How Neuroscience is Helping Us Better Understand Disordered Eating
Have you ever eaten “comfort foods” to calm yourself down? What about ice cream when feeling sad or depressed? Or, on the other end of the spectrum, does the thought of eating chocolate cake after already eating a meal stress you out with anxiety about your body? According to neuroscience, there is a reason for it.
I can now see more clearly why my clients recovering from anorexia are so resistant to eating what is considered a “normal amount.” The brain of an anorexic signals certain foods or amounts as dangers that will increase anxiety.
In someone with a brain predisposition to anorexia, food actually generates a “risk signal.” And so eating less (or not eating) reduces anxiety, and eating more increases anxiety.
These clients are not deliberately being rigid or resistant. As one recovering woman says “I’m so messed up,” it turns into, “Oh. That’s just the way my brain is wired!” So when she goes out to dinner and her partner is excited about dessert and her anxiety starts to skyrocket, she can understand this anxiety from a place that is free(er) from shame and self-judgment.
For bulimics and binge eaters, overeating can relieve symptoms of depression and anxiety. Overeating is associated with an exaggerated “reward” drive to eat. Brain dopamine, the “pleasure” neurotransmitter, is likely to be involved in food intake. And brain scans have shown dopamine increase to correlate with binge eating.
Since this dopamine release tends to come from sugar or carbohydrates, that also explains why most people will tend to binge on cookies, ice cream, pastries or chips instead of carrots. There is a reason for it. For someone who struggles with secretly binging or binging and purging, this can help alleviate the shame and the feelings of chaotic lack of control associated with the behaviors.
Work being done currently at the Laureate Institute of Brain Research (LIBR) is showing that the insula region of the brain is of particular interest for eating disorders. This part of the brain is related to one’s “introspective awareness” (sense of self) and therefore affects body image distortion, lack of recognition of symptoms of malnutrition and a decreased motivation for change.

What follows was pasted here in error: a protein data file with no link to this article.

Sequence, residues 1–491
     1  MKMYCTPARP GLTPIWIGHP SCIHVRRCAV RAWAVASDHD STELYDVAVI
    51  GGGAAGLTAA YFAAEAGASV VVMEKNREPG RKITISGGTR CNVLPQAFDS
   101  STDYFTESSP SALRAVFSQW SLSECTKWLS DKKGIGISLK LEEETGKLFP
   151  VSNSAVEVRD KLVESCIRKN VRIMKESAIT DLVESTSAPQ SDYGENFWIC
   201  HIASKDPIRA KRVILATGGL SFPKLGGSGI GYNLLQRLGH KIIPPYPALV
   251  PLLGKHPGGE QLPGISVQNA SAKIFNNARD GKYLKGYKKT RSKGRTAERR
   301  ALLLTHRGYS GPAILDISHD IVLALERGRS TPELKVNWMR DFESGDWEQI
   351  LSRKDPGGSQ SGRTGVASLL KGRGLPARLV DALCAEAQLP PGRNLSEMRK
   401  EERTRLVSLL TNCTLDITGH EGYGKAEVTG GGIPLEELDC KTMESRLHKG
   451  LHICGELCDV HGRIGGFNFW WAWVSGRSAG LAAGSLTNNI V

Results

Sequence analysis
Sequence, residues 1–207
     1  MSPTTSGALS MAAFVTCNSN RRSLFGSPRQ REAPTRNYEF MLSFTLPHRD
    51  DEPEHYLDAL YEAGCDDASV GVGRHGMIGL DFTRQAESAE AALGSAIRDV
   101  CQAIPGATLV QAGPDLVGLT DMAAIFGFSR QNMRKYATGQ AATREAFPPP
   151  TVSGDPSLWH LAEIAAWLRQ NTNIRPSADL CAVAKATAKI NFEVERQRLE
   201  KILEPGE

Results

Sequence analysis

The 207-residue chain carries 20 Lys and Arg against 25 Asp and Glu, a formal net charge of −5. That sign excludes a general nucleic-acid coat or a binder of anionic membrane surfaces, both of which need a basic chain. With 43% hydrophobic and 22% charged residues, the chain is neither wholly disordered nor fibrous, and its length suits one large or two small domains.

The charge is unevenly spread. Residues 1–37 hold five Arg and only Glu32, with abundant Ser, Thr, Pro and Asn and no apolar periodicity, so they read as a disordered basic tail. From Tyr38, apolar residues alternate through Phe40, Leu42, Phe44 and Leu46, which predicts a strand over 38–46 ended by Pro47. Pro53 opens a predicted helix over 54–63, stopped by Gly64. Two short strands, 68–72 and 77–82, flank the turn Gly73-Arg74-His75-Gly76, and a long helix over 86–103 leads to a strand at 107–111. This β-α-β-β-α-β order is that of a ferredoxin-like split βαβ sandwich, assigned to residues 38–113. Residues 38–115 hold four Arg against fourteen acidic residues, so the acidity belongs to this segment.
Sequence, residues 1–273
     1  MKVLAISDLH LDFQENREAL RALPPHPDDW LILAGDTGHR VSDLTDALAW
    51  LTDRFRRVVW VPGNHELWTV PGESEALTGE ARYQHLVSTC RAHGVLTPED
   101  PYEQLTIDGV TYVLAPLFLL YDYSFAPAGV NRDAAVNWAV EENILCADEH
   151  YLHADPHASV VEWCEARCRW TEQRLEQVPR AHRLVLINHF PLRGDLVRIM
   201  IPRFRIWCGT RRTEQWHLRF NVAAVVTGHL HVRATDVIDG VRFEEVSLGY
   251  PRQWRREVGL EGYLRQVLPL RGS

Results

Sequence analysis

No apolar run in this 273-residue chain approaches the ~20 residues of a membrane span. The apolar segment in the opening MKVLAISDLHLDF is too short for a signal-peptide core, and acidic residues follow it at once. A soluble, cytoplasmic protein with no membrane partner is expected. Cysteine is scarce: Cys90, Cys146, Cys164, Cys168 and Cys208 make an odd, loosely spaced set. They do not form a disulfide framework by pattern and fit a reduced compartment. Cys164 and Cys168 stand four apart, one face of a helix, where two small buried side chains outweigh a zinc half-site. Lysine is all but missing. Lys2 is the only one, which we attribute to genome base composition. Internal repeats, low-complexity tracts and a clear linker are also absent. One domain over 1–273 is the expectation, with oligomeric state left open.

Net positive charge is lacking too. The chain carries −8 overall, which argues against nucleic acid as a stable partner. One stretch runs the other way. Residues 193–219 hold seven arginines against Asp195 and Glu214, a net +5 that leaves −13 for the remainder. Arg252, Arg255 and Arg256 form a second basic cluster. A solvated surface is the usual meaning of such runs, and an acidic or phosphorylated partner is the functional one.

I’ve always known that when an anorexic who is drastically underweight looks at her- or himself in the mirror and sees fat, they are having an experience of the “funhouse mirror,” but now there is empirical evidence as to why their brain is causing them to see in that way.
It also explains why anorexics who have recovered can look back and see the severity of their previously malnourished body but not realize the severity while they are still in it.
But what hope is there if that’s just how their brains work?
I often use the analogy of butterflies when working with women in the recovery process. Caterpillars transform themselves into butterflies by intuitively knowing when and how to go about doing this.
They turn toward the transformation. And, after creating the container of a cocoon (container = therapy/treatment/support) they turn themselves into soup, liquid soup, inside the cocoon. (Soup = uncomfortable feelings such as anxiety, fear, inadequacy, depression, anger, and grief that the eating disorder is no longer masking).
As they gather new strength, they reform themselves from this soup into a butterfly body with crumpled up, wet wings (wet wings = early recovery). They then split open their cocoon. If you cut a butterfly out of its cocoon, it very likely will not survive, because it needs to split itself out to develop the strength to then pump all the liquid from its body into its wings (wings = the freedom of later recovery).
What I like to focus on here is the metaphor of the body and the psyche knowing and trusting itself. When someone is ready to recover, they know it and they know it isn’t necessarily going to be easy. Some part of their body and their psyche knows that it is time. And, just like the caterpillar, knows that it is ready.
Neuroscience is now offering empirical evidence to assist in decreasing shame and increasing awareness of what a person recovering from an eating disorder is facing. Once this shame is decreased or eliminated, the deeper work of acceptance and change can occur.
It’s not that you won’t have to travel difficulties and go into the discomfort of caterpillar soup to recover. But it is that you can do it, it’s not your fault, there is help, and there is hope. You may even turn into a butterfly in the process.
Shanti McCabe, L. (2015). How Neuroscience is Helping Us Better Understand Disordered Eating. Psych Central. Retrieved on September 25, 2017, from https://psychcentral.com/blog/archives/2014/05/21/how-neuroscience-is-helping-understand-disordered-eating/